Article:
This year’s JCCS had a higher turnout, truck-wise, than any other in recent memory. Former workhorses that managed to survive — or evade — decades of hard labor showed up en masse on Queen Mary lawn to enjoy their new status as classics.
By far the most well represented were Datsun haulers of the 1970s, including an impressive number of 520 and 521 pickups like Daniel Ramirez’s ’70. We dug the white steelies with whitewall tire look, giving it an old school hot rod feel.
Raymond Medeiros went with a more modern tuner theme, as is often seen among mini truck builds, swapping in an FJ20 with ITBs
This was the first showing for Frank Kuba’s 1972 521, which looked mean on black steelies shod with beauty rings.
The bed sported a wooden bed built to carry a custom scooter and a set of re-finished Weds Auto Bahns.
Perhaps the rarest body style of them all is the early twin-headlight 520. Salvador Alegria‘s 1966 with a hotted up J13 motor is a perennial favorite around these parts.
It was Tim Gallagher’s first time showing his pearl green 1971 PL521 with a KA24DE swap at JCCS, but he went home with first place in the Best Datsun Truck class. Beside him, José Hernandez’s restored-to-stock and extremely rare right-hand-drive 1968 520 1300 garnered second place in the same category.
Ronald Hernandez took third place in the Best Datsun Truck class for his 1969 521, which was running a KA24 — derided as a “truck motor” by S13 owners, but hey, it fits in this case — under the hood. The win gave the 520 and 521-generation trucks a clean sweep of the class.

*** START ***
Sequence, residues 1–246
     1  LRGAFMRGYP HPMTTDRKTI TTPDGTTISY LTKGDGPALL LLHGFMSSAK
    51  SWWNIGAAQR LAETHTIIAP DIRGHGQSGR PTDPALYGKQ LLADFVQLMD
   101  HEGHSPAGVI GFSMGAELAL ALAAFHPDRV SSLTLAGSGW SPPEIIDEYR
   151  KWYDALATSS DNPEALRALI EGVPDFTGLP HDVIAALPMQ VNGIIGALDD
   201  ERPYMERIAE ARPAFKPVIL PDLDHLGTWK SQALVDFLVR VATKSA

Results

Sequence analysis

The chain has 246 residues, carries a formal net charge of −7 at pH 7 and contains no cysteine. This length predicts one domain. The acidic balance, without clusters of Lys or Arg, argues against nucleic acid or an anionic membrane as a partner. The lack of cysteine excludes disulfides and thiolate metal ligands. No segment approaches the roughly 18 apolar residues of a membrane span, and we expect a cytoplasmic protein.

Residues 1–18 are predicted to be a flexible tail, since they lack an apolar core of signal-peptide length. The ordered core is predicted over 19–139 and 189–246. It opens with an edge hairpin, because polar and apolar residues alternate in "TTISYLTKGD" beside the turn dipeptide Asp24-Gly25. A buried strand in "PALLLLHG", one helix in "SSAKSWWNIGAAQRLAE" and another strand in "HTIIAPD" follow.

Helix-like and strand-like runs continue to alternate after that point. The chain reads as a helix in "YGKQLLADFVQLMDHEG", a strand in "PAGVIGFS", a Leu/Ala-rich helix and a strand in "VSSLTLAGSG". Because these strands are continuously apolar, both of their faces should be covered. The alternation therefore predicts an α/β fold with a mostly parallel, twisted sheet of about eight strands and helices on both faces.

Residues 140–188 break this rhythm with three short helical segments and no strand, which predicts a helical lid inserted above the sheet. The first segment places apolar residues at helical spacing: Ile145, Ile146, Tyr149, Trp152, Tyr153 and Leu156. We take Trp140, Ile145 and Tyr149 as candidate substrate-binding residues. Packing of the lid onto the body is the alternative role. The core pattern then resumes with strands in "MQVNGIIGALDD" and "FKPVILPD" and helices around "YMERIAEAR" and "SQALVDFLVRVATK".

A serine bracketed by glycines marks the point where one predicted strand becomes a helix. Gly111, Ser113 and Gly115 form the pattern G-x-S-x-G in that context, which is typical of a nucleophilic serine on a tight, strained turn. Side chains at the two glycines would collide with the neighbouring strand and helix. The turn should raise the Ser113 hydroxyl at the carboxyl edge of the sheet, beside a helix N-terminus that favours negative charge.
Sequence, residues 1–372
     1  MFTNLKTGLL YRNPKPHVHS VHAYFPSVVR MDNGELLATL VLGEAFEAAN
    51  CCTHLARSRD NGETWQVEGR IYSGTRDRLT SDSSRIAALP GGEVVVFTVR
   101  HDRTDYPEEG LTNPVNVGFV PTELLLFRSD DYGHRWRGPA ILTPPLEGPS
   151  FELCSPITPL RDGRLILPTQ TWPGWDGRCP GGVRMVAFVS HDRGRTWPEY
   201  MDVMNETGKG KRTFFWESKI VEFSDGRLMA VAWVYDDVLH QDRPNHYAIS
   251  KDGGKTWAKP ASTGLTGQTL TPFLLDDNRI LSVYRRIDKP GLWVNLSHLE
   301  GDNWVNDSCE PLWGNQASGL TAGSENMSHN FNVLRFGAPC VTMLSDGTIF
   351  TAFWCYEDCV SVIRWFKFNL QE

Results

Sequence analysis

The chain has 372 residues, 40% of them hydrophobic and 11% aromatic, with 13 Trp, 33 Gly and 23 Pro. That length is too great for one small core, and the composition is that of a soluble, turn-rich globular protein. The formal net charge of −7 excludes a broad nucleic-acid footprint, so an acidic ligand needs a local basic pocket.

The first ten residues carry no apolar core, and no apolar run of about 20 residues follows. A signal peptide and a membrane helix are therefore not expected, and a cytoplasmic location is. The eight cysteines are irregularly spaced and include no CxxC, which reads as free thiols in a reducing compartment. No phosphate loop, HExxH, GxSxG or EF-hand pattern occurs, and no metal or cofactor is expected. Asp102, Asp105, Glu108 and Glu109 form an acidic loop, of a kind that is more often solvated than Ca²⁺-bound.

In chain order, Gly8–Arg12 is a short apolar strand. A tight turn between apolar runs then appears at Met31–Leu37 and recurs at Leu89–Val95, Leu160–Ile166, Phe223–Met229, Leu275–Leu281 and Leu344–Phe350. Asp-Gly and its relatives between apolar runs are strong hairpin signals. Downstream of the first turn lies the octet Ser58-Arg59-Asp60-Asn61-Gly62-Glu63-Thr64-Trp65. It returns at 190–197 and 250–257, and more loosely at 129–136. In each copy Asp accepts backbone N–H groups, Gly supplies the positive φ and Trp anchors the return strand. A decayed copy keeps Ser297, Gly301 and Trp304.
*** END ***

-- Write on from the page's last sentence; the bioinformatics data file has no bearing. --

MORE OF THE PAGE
That doesn’t mean 620s didn’t represent. Jamie Sanchez brought a rare 1978 King Cab, which he stripped down to the frame before resto-modding it into a Japanese-style street truck.
James Bowman uses his 1974 Datsun 620 as his daily driver, and proving that these little hustlers are basically indestructible, has logged 300,000 miles on it.
Alain Montiel picked up his 1974 620 from the original owner. Wearing its original Safari Gold color, it’s an amazing survivor that remains largely stock except for a few easily reversible items like a slight drop, American Racing wheels and Weber carbs.
A surprising number of stock 620 King Cabs made it to this year’s show, including a pair of Silvester Stoianovici’s all-original orange 1978 and and Taro Endo’s lowered white example.
This 1986 720 was lovingly restored by Francesca Massarotto, who in the process added some parts from the higher-spec ST trim level, like the gauge cluster, rear bumper and wheels. Though it was the sole 720 at the show, it represented superbly with its beautiful restoration.